This was clearly a major element of my barrier and needed work. In my early days of tower bell ringing, like most, I would count my places, but this skill has long since retired. If I try to do it now, I very quickly lose concentration and forget. Instead, I can just “see” my place by observing how many bells are above or below me. My hearing of lead ends is almost Pavlovian, actions being triggered by hearing the treble.
I first determined to learn how to see/hear and respond to the half lead as well as the lead end when ringing in hand. Reverse Bob Minor seemed a good choice for looking at half leads, but plain hunting through the lead ends was counter-intuitive. Double Bob was better. It only contains 4 different place notations (X, 12, 16, 56) - just 56 being new – and the tendency to ring Plain Bob lead ends is not a problem!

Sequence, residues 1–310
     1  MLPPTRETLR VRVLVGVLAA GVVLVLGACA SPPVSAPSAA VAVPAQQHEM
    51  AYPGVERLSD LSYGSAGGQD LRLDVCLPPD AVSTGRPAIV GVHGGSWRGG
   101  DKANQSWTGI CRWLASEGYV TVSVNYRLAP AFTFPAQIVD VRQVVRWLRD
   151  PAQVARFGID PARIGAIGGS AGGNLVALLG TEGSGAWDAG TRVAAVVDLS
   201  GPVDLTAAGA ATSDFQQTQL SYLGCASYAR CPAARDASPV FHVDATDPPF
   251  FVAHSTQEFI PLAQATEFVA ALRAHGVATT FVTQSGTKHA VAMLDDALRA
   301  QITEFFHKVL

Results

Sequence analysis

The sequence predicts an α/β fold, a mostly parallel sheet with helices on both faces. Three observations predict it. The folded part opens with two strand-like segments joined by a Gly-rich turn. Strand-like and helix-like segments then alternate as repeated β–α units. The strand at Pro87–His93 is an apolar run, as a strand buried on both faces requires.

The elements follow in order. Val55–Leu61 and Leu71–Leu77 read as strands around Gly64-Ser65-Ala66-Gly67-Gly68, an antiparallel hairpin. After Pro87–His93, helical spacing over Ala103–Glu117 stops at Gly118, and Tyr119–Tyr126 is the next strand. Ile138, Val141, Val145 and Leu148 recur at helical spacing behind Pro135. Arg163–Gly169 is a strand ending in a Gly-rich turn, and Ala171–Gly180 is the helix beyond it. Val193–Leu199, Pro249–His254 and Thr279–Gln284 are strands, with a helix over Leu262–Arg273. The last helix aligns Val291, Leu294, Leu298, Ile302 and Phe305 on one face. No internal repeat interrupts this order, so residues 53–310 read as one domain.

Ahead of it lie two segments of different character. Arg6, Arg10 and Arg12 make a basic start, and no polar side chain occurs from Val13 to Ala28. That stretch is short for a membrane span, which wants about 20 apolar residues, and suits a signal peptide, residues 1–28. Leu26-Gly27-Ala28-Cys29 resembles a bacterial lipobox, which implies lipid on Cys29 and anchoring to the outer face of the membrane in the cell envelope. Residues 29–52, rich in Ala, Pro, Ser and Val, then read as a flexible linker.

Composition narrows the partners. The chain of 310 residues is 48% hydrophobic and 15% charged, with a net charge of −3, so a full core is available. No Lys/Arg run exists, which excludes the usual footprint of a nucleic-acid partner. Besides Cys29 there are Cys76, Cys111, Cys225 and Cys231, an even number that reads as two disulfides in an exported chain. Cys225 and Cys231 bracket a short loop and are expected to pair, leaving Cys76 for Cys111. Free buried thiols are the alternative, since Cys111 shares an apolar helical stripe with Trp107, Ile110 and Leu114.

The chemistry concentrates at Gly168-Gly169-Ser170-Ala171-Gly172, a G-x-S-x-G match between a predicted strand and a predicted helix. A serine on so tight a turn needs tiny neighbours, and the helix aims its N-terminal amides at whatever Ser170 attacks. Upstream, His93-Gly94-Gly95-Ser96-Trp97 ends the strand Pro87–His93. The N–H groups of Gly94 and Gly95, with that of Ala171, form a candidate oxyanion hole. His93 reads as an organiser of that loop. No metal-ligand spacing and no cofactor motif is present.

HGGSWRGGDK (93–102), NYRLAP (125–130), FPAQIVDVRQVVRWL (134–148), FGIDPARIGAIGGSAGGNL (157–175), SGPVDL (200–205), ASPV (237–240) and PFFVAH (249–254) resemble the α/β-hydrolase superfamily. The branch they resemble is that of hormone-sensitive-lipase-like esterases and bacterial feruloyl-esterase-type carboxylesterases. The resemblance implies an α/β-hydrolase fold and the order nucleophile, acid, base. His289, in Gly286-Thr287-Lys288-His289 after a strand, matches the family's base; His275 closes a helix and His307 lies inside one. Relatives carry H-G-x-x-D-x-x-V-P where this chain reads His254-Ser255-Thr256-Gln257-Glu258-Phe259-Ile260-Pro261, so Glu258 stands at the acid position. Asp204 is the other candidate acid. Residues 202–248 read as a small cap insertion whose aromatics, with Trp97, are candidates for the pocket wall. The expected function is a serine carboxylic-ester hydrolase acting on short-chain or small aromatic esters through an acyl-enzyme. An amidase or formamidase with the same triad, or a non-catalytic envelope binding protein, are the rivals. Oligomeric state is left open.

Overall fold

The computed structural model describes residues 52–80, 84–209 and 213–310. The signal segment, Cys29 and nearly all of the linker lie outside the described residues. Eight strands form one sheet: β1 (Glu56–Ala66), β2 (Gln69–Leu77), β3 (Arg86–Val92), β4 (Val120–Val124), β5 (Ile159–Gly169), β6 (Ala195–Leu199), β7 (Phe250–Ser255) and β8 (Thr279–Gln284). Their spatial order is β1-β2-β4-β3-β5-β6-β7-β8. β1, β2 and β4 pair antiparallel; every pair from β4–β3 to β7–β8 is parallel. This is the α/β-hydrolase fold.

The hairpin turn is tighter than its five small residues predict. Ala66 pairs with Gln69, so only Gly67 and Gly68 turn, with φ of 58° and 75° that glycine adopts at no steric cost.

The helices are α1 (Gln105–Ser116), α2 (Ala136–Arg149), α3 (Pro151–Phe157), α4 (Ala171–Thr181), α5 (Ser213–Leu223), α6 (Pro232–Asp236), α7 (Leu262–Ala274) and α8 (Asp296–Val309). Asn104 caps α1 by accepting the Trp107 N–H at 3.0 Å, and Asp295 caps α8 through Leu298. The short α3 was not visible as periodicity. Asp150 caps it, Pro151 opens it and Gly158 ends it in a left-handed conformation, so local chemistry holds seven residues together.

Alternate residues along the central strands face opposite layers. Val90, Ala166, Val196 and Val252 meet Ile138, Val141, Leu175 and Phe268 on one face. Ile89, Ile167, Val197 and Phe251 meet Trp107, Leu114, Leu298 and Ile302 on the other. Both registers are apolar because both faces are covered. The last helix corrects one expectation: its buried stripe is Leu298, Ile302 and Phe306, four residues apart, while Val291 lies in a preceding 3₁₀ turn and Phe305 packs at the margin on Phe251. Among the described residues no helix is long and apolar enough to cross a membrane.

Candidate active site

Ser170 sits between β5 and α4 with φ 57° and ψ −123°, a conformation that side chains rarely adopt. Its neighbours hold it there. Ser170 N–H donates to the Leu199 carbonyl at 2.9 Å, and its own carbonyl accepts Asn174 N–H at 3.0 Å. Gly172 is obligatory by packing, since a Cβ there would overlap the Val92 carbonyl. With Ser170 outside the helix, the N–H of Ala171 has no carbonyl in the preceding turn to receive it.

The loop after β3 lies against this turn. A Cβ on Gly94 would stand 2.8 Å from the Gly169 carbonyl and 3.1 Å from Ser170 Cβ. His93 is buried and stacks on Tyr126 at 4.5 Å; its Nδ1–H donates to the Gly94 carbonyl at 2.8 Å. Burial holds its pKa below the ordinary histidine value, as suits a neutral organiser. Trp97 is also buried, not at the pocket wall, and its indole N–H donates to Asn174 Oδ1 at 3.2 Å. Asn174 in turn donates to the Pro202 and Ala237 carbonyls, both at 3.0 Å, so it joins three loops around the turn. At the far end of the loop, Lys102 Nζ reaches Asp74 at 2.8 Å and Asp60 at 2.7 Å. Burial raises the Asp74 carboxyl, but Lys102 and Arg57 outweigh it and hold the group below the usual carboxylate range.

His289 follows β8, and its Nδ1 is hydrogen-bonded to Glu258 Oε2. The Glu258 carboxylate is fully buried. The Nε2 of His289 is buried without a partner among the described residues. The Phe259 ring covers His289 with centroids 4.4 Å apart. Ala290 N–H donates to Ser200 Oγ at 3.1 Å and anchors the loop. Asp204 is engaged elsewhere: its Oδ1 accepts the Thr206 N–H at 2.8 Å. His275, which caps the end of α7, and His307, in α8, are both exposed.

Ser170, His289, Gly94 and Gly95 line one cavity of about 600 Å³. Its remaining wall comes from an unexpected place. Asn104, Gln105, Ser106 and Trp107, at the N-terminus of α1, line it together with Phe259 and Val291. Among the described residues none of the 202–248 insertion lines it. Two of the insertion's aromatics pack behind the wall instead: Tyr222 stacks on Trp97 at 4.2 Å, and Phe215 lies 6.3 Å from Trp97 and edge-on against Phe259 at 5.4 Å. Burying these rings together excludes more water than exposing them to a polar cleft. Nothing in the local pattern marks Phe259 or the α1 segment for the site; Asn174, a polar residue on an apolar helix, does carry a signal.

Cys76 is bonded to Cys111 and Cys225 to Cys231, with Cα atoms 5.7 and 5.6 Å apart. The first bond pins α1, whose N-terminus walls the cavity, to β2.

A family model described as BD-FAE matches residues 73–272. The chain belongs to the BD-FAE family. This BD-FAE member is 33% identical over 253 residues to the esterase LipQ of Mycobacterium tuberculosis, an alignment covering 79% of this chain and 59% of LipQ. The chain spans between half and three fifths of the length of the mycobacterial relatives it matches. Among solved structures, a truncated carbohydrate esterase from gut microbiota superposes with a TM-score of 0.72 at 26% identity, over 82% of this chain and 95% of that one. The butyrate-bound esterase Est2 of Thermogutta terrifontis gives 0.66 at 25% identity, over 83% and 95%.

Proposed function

By the time the treble has reached the half lead, it’s too late to react so I needed to spot the treble approaching the half lead & prepare my reaction to it, but how? I could:
- Watch the treble all the time (AND both of my bells – don’t be daft!)
- Count changes? There are not that many in half a lead. The treble rings its handstroke at lead, then there are just two intermediate handstrokes (2nds, 4ths) before it's at the back.
Neither of these came easily, but with practice the fog lightened here and there; I started to have awareness of the treble nearing the back. Sometimes it’d be in 4-5, sometimes it’d already be there. If ringing with others, a cry of “half-lead” from the conductor became a helpful feature.